There was a swish behind her, and Hanna whirled around, suddenly struck with the distinct feeling that someone was on her tail. Only the narrow road was empty. She let out a long sigh and decided not to answer Mike at all, sliding her iPhone into her pocket and cranking up the music. She ran down the hill from her neighborhood, cut across a narrow footbridge between two yards, and found herself at a familiar intersection. There was an old gray farmhouse on the corner, set back from the street. Two cinnamon-colored horses and one spotted Shetland pony stood calmly next to the wood fence. This was the turn to Ali’s.
The first time Hanna stood at the crossroads was the day she’d tried to steal Ali’s piece of the Time Capsule flag. Hanna remembered gazing into the pony’s big, soft eyes, wishing she could ask its opinion about what she was about to do. Who did she think she was, assuming she could march in and snatch Ali’s flag? What if Naomi and Riley were there and they all laughed in Hanna’s face? Maybe I should face the fact that I’ll never be popular, she’d almost said out loud to the pony. But then a car had passed, and she’d squared her shoulders and biked on.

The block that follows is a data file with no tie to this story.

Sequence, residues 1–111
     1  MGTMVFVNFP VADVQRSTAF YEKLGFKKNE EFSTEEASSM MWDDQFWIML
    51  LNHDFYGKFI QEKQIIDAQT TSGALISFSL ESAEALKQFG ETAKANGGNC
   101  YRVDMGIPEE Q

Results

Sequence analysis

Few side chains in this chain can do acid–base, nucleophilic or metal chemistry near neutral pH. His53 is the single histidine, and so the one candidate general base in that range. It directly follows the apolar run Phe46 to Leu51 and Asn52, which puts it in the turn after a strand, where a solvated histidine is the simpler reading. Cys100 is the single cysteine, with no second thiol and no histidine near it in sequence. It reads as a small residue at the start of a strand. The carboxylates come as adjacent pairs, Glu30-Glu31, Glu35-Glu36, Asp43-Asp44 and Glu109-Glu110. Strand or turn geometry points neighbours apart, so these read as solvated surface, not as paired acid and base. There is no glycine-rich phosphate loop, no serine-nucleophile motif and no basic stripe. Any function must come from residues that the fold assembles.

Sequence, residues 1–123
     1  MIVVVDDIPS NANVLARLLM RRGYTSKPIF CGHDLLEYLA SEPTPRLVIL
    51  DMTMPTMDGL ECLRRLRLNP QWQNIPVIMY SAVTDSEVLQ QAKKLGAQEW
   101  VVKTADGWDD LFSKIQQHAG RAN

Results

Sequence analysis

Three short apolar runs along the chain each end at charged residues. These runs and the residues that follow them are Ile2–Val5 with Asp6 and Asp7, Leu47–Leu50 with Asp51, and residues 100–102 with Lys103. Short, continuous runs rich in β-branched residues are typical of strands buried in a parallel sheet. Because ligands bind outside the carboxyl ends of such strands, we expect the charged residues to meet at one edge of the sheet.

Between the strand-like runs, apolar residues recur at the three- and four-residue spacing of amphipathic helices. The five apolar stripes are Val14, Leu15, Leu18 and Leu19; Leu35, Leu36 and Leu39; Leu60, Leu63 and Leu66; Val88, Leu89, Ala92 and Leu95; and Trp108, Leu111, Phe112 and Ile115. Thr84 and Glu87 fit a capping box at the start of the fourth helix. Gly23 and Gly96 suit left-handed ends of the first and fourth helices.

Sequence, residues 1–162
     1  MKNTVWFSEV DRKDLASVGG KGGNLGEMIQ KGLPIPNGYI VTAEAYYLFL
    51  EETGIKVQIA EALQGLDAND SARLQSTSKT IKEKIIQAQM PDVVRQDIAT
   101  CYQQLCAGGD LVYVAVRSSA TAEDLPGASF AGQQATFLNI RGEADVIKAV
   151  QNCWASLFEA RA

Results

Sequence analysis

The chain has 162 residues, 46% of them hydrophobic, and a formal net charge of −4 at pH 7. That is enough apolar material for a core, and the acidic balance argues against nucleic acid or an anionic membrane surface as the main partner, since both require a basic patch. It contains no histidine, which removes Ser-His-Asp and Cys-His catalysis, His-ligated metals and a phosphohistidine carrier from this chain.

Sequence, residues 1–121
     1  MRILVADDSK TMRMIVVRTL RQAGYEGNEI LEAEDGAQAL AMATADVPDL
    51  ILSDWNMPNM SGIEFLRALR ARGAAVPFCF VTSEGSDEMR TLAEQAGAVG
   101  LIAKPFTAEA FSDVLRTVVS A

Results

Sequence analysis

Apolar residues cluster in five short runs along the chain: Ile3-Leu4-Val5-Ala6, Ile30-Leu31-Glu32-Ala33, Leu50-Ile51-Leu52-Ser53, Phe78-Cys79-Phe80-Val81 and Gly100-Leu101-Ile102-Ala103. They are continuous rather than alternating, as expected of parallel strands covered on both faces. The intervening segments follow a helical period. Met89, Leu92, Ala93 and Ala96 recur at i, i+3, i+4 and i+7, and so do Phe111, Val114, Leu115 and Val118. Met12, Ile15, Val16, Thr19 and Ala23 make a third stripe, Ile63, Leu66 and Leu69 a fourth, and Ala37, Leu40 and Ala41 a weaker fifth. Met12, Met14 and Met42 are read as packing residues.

Now she jogged into Ali’s neighborhood, breathing hard. Mona’s house was one of the first houses on the street, its grand circular driveway and gabled six-car garage painfully familiar. Hanna looked away. Next came Jenna’s house, the red colonial with the big tree off to the side, the one that had once held Toby’s tree house. Then Spencer’s estate, which sat aloofly behind a large wrought-iron gate. Hints of the KILLER graffiti were visible through the repainted barn garage doors. Ali’s old house was last, looming at the end of the cul-de-sac.